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Essays - Magic Money, and More - for Today!

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As time passes, content adapts. This page is now color-coded for items Annie thinks may help bring general readers into an economist's thought-process. She suggests they start by reading the blue texts, highlighted in yellow.

 

The "Magic..." essays were inspired by questions and comments from friends and neighbors about government policy during the pandemic. Annie used to teach this sort of fun stuff! She wanted to explain a few things to friends.

If you think the pandemic is over and you want to skip that part, you are invited to scroll down

to find Annie's thoughts on today's challenges.

Why might you pay attention to Annie's ideas? She lived through the decline of an Empire!

Perhaps there are some lessons to be learned from that. (Or perhaps not! Who knows?)

Most of these essays are for general readers - little or no economics required.

The Book Review - Essential Adam Smith, below - is background information about Adam Smith,

by an eminent author (not Annie). All Annie did was review the book.

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Book Review: The Essential Adam Smith -

What He Said May Not Be What you Think

Magic, Money and the Pandemic

If you do not wonder how modern governments can create money out of nothing much, you may not be interested in these essays. 

But, for example, do you know that modern financial systems often encourage both debt-financing

and avoidance of financial crises, by

"creating" money? See also essays on basic

economic concepts for general readers, below

 

These essays address monetary policy (central banking and the Fed), fiscal policy (government budgets), fiat money (including dollars and bitcoin), and inflation (price-level changes). They present accepted teachings in economics, for the general reader, with a few thoughts on the pandemic and its challenges tossed in.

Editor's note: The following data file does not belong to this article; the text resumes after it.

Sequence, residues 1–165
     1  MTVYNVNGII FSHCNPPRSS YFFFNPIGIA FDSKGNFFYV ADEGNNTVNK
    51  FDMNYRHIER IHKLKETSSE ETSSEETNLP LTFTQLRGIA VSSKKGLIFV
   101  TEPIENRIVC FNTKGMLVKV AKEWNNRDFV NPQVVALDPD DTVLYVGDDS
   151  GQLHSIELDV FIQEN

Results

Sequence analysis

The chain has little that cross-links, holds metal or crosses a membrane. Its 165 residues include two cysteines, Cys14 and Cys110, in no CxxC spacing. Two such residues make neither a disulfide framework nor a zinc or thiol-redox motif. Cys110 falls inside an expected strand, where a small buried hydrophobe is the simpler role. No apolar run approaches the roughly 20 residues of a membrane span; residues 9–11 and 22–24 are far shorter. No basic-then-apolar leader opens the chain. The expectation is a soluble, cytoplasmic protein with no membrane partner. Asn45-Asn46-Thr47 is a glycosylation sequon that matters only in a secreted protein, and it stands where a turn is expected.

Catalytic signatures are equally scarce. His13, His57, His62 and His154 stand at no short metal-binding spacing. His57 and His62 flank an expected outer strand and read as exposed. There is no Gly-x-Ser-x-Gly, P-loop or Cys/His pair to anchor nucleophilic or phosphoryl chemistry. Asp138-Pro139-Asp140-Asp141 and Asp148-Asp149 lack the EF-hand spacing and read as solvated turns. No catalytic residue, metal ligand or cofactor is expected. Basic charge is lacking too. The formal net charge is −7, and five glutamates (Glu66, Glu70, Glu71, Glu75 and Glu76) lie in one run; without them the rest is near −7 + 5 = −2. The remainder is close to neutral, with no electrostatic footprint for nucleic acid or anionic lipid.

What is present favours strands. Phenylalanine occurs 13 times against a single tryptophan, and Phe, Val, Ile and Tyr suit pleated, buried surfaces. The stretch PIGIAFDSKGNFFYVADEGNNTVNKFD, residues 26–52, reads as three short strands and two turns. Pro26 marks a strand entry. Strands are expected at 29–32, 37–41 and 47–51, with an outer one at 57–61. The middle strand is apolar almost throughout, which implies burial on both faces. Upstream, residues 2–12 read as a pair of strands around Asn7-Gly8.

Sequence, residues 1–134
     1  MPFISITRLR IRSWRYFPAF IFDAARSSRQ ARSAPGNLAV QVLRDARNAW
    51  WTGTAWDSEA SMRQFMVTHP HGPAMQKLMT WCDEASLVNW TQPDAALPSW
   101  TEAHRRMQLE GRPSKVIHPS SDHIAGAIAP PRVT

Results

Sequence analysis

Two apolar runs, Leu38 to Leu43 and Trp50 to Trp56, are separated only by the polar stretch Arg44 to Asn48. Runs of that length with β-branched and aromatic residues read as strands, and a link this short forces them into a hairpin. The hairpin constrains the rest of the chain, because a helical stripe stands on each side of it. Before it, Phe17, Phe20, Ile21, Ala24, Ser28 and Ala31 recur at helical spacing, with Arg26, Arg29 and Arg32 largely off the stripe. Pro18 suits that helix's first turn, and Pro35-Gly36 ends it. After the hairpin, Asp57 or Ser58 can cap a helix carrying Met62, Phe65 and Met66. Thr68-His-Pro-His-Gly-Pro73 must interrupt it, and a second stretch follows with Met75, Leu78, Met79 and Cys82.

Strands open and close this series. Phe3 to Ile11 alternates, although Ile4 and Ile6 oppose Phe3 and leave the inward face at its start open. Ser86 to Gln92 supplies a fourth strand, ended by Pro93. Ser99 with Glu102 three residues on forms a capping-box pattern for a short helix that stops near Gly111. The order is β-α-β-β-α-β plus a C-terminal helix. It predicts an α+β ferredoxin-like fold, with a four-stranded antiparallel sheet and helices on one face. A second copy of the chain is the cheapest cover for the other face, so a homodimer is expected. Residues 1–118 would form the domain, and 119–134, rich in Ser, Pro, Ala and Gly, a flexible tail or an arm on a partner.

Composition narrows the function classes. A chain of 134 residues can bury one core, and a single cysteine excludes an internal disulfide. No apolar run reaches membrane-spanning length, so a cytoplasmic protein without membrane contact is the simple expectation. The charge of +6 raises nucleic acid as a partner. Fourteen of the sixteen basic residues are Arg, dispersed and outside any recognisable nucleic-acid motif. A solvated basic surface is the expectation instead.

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Magic Growth and the Path of Change

These essays, for general readers, are based on accepted teachings, Annie's research, and Annie's reading on contemporary matters. Each essay includes a brief section explaining how it might differ from convention, if it does.

Annie's first foray into presenting complex economic ideas to creative artists resulted in the essay at the link above. More pages added below. More basic economic concepts for general readers coming soon. Maybe.

How do we feel about cuddly robots given to children and seniors, to help meet their needs? Perhaps robots are better than nothing, but is it OK, really?

The discussion of farm incomes, poverty traps, and differences in regional growth rates, on pages 34 to 43, in both the link above and that below, may be understood by non-economists.

Annie's "Model" and Today's Challenges

As news reports become more disturbing, Annie invites you to understand and reflect on the implications of her "model" 

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More - 

Annie made a couple of numerical examples to illustrate her model. If you understand graphs, you should see from the figures at the blue link (left) what her theory implies. She could be wrong. She hopes you will think for yourself.

Annie's examples are typical of graphs you might see in a Principles of Economics textbook, illustrating a point. However, Annie's point is different from what is customarily presented in beginning economics textbooks. If you are a real, serious economist, please see the "About" page on this website and scroll down to "My Economics." You will see there why you need to take Annie's model seriously.

The second link at left - The Fighting Fed - discusses a banking dilemma. Different industries face different challenges; helping some may be at the expense of others, contrary to Adam Smith's ideal.

 

Annie's "tweaks" to current policy recommendations may be found in the Theory and Reality series of essays; in particular at the end of the "Q and A - Theory and Reality" essay.

Summary:  Annie calls the two sectors in her model “money-magnet” industries, and “resource-losing” industries. [That's industries, not countries.] They each benefit more, or less, from global economic policies, because they each face a different financial environment. We might wish to treat them differently - different market-based policies might be appropriate for each - just as different human beings, facing different environments, benefit differently from them.

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